This means if you have a huge mailing list, a very active Instagram account with a lot of followers, you teach classes, and have made a name for yourself in your specific craft industry, you need to say that in the Marketing Analysis. Don’t be afraid to brag a bit and speak the truth.
In the Competitive Analysis section of your book proposal, pick three to five titles that are similar and then write a paragraph on each, and how your idea/book differs from those, without bashing the competition. McKean says, “Study the craft book shelf at the bookstore and see what has come before and think about what readers what to see in a book and in a book by you.”
Some publishers who request proposals instead of queries may also want you to include samples of the work or projects. Agents and publishers all want to see proposals that look professional. Or as McKean says, “A well-designed proposal is always eye-catching.”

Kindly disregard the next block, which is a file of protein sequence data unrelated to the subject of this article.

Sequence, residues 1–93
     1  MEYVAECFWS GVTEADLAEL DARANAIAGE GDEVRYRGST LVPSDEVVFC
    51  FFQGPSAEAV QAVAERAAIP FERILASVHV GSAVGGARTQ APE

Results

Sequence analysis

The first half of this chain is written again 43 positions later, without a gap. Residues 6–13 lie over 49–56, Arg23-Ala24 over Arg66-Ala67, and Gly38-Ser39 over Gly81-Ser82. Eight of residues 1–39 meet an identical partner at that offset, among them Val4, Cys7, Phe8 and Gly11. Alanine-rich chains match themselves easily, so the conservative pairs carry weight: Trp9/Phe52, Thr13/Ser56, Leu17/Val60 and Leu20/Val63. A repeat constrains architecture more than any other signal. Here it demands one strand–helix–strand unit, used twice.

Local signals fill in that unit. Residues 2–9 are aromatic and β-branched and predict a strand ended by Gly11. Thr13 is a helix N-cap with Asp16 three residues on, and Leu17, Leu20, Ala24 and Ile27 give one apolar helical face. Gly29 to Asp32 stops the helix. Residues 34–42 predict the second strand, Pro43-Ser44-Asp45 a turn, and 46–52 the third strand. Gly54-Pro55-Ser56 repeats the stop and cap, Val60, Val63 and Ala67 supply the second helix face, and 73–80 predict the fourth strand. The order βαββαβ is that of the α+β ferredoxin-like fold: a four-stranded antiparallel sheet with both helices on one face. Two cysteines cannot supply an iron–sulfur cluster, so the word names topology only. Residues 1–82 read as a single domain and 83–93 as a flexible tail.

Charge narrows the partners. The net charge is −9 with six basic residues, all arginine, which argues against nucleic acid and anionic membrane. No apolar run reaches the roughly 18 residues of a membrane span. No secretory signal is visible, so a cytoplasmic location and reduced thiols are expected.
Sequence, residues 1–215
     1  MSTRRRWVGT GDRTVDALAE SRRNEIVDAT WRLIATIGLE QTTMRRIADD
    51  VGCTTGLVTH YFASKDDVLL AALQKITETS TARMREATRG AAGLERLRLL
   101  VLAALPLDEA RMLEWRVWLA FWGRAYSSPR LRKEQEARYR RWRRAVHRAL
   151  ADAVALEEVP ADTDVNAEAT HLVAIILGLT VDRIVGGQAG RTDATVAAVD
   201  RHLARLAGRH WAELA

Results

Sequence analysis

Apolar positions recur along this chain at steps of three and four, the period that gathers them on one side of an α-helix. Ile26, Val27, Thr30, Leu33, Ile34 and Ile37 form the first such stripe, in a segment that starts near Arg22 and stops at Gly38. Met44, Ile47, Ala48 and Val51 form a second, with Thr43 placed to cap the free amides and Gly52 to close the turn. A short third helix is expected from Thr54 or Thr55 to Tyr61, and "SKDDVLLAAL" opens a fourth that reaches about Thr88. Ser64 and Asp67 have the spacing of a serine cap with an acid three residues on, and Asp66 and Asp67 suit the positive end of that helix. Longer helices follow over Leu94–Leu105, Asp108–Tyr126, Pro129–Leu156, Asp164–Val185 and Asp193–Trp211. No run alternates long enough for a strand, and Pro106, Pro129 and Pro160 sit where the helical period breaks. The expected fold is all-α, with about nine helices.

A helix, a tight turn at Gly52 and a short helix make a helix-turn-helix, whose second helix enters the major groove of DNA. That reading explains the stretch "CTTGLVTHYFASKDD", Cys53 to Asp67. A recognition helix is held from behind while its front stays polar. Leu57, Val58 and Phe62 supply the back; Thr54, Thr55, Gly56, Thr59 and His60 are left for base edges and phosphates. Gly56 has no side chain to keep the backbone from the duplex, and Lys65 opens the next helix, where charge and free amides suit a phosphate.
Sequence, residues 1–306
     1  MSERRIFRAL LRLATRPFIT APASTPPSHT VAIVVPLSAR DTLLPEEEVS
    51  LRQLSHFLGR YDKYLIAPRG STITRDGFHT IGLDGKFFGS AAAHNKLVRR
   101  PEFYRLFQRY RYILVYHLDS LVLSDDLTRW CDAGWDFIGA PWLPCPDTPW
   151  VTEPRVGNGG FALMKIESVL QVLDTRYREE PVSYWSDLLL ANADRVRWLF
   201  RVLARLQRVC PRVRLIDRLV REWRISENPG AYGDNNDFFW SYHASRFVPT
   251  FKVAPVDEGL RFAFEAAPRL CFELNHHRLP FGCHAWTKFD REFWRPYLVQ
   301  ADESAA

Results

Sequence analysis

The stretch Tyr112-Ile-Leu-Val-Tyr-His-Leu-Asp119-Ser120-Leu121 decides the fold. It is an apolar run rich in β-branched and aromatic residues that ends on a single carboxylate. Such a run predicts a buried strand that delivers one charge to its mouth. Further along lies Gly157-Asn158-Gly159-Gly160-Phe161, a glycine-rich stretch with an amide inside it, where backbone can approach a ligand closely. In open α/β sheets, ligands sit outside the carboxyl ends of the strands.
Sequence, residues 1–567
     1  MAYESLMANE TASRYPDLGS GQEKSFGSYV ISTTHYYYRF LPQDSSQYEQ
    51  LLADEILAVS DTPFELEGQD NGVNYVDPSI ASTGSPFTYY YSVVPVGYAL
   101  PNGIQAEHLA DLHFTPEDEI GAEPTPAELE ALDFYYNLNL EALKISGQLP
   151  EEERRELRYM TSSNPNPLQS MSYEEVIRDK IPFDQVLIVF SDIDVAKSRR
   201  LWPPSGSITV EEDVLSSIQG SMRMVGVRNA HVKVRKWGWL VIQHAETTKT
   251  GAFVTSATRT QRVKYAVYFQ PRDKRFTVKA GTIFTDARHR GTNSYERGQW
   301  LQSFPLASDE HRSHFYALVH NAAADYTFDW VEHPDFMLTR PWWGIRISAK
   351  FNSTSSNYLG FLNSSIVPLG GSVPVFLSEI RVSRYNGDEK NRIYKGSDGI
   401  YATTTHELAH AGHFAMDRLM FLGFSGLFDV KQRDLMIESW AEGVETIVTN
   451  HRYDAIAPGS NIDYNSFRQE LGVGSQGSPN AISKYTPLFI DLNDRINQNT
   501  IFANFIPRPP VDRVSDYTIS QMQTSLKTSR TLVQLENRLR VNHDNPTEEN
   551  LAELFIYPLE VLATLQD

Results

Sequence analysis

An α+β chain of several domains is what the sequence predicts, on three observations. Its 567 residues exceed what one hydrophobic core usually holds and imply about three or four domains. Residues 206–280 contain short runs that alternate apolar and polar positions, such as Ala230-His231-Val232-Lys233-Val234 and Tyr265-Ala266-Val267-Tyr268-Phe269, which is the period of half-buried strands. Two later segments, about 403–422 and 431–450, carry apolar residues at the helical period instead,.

You can sell an idea for a nonfiction book after writing only part of the book. Much of trying to land an agent or publisher, and of the book publishing process itself, is a waiting game. It may take months to hear back on a query or proposal and, as McKean says, “It takes a year to make a book after you’ve finished writing it. Between design, layout, printing, shipping, and more, it takes a long time before a book is on the shelf.”
So be prepared for the wait. Work on strengthening your platform and creating market demand. And most of all, if you get told “no” to your query or idea, keep believing in your idea, refine it, and send out more queries or proposals. The road to publication is paved with a lot of rejection, but it only takes one “yes” to bring a book or a project to life — and I know because I’ve received dozens of rejections from agents and publishers during the last two decades, but I’m also the author of nine published books.
Be sure to check out our other articles on craft book deals:
Why Is It Still Worthwhile to Write a Craft Book by Melanie Falick
The Art of Crafting Book Contracts by Kate McKean
Beyond the Blog Tour: Innovative Ways to Launch a Craft Book by Abby Glassenberg